What I’m going to give AF about in 2017
“Democracy does not require uniformity” ~ Barack Obama, January 10, 2017
I have this habit of waiting until nearly mid-January to make my resolutions. Call it a new year’s hangover. Or I haven’t adjusted enough to the cold by January 1 to warm up to the idea. Regardless, I regularly need to let the new year marinate for a couple weeks before testing my ability to be resolute.
However, after reading the book, The Subtle Art of Not Giving A F*ck, by Mark Manson over the weekend and listening to our outgoing POTUS speak with such eloquence last night, I’ve finally hit on mine a bit “early” this year.
I resolve to stop giving stop giving AF about how my views might be perceived by those that might disagree with me and start giving AF about making my views known.
Because, while you might label me Pollyanna — and POTUS too — I still believe there is power in attempting to talk and listen to each other.
To be clear, I’m not saying, “I don’t give AF” about your views if they are different from mine. I’m not saying, “it’s my f*cking way or else”. Instead I’m saying this. In 2016, I made it a goal to listen to multiple viewpoints. I also had this misguided notion that in order to truly listen without judgement, I had to withhold my own views publicly for fear or alienating the roughly 35–40% of my social media sphere of contacts that likely don’t agree with me politically. (I later relented and added another ass backwards rule that I COULD comment on another post, I simply couldn’t be the instigator.) In short…this strategy drove me f*cking nuts. I had so much I wanted to say but backed myself into my own proverbial verbal corner.
So. Thanks to countless hours thinking “what would dad do?” along with the subtle nudging of Manson and overt directive from POTUS, those days are, thankfully, f*cking over.
I’m hereby liberating myself from my (mostly) closeted liberalism.
Honestly, I doubt that is very shocking for anyone to hear. But for my own good, I feel it’s best to come clean in a more overt fashion (albeit on a Wednesday afternoon where most of you are too busy working!).
As Manson describes, the subtle art of not giving a f*ck isn’t about not caring. In fact, quite the opposite. However, recognizing that we have a limited amount of f*cks to give in life, eventually we need to prioritize those f*cks, and give them accordingly.
Far too often over the past year I’ve heard that no one is listening to the “other” side. That we’re floating safely in our little self-crafted news and friend feed bubbles, comforted and protected by opinions that only match ours. And while that’s likely true, my interpretation of what Obama said last night was that he agrees with me that this strategy isn’t helping. Further, like him, I refuse to buy into the notion that the power of respectful conversation and listening can no longer effect positive change.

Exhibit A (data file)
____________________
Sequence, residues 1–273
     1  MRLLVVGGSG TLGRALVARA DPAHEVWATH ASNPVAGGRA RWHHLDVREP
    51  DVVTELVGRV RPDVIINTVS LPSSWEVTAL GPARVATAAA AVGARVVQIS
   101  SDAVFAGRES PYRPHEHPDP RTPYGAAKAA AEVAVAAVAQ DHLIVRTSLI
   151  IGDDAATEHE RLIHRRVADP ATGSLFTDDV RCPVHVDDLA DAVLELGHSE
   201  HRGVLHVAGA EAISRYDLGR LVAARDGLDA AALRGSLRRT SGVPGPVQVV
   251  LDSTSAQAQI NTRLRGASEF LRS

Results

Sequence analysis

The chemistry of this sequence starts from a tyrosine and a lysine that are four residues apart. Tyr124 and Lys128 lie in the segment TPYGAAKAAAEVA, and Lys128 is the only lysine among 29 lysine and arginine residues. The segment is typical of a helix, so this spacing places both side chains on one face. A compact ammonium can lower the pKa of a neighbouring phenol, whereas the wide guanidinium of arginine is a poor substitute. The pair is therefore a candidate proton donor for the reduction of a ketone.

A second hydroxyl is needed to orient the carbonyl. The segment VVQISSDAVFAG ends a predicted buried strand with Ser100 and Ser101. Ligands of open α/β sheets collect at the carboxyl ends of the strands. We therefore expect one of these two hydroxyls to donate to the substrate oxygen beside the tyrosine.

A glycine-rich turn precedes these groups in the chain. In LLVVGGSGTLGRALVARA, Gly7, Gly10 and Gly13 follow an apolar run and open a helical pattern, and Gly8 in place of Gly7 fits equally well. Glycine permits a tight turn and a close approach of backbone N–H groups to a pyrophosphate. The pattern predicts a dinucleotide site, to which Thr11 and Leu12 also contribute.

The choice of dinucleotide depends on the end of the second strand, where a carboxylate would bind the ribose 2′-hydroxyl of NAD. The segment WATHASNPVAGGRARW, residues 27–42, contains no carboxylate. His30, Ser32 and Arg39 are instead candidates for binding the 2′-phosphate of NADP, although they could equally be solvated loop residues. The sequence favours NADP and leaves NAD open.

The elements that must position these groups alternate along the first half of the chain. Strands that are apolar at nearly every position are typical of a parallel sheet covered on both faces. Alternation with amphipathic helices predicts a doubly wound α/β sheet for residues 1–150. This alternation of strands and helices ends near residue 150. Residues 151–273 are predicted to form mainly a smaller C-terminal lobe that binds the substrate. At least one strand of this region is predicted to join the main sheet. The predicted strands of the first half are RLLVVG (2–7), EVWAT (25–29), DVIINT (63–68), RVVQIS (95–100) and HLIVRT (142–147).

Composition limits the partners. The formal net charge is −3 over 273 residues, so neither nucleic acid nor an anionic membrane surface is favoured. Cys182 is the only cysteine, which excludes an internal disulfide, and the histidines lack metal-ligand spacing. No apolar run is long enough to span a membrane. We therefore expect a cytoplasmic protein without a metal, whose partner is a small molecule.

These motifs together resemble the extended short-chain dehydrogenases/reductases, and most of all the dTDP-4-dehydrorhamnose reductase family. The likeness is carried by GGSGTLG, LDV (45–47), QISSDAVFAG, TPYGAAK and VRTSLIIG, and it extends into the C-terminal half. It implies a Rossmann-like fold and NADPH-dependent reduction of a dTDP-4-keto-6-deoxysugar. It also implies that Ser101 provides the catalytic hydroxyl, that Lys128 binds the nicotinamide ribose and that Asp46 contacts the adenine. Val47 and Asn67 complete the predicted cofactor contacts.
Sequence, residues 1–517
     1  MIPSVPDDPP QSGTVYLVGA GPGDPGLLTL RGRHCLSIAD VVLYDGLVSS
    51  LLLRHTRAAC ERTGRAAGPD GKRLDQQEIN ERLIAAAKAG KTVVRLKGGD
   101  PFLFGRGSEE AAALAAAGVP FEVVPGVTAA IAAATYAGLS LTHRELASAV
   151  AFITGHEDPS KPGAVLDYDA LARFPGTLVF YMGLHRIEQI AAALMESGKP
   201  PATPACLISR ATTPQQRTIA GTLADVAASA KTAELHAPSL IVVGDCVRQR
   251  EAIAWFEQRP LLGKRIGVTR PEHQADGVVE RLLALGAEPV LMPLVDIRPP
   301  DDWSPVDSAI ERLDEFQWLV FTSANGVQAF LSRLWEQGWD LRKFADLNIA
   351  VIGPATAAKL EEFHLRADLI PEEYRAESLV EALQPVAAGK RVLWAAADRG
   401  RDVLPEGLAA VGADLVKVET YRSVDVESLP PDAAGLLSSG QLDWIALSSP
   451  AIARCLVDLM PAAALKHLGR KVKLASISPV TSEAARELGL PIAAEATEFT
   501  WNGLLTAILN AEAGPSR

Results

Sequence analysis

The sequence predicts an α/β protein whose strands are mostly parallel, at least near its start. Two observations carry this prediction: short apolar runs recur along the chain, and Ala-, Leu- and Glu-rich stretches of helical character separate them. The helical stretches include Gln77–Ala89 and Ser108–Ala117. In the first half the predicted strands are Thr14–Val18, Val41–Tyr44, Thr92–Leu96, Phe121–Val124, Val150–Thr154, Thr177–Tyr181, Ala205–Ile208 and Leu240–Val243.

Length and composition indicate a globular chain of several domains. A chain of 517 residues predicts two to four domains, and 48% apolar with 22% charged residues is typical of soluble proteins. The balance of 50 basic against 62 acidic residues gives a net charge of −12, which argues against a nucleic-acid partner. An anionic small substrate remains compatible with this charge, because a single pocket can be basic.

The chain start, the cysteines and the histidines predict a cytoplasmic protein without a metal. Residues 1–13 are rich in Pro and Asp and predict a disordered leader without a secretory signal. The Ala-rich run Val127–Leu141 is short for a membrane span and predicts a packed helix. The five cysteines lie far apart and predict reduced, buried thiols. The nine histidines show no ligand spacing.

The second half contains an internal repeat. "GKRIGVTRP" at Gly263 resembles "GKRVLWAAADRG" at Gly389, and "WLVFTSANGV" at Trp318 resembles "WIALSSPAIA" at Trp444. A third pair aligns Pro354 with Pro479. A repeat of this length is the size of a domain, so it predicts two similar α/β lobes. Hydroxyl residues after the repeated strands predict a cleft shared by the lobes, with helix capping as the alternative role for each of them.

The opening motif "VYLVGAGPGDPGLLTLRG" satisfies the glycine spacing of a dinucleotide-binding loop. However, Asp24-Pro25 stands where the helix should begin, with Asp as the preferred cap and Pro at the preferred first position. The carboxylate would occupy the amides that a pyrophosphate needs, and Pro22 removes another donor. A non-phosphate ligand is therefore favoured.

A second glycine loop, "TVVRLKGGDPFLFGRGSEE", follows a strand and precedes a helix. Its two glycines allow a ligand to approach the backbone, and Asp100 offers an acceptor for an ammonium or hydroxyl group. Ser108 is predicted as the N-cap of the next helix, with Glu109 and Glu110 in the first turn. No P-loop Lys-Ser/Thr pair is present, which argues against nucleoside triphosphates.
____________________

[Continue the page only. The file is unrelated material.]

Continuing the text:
Yes. While we’re talking, I understand real problems will keep occurring, Trump’s gonna Trump, continued efforts to gerrymander our districts will further tilt the playing surface, and the rights of all of my non-white, non-male, non-straight, non-Christian friends and family will continue to be threatened.
But I don’t give AF anymore. As a words guy by trade, I’ve got to start using them…
So the question is, how to do that, without constantly ‘arguing’ with people and/or getting blocked out completely by those that don’t agree with me? With this in mind I thought of a conversation I had recently with a good, right-leaning friend of mine who recalled a story about bringing my dad to a small town establishment in northeastern Wisconsin. If you don’t know your geography…think red. And if you didn’t know my dad…think blue. To summarize (and this individual is welcome to correct me!):
Our friend told me that within 10 minutes of being amongst 99% republicans, my liberal dad had made friends with the whole bunch and could have talked to them about anything. And I’m sure many of you could say the same about him.
While I could only dream of approaching conversations with both the conviction and congeniality of my dad, it’s an approach I want to model. And I hope people respect that, as much as I welcome their viewpoint. Because somewhere along the way, on the macro level, roughly two thirds of Americans decided that the “other side” isn’t worth listening to, while the remaining third watches in despair. But for me, on a personal level, I pride myself of having a life enriched by differences of opinion.
And the prospect of continuing to forgo the ability to talk to all of my social circle in a rational, respectful and meaningful way — regardless of viewpoint — was simply a life I didn’t give AF about entertaining anymore.
So cheers to my official start of the New Year, and wishing an acceptable one to you all.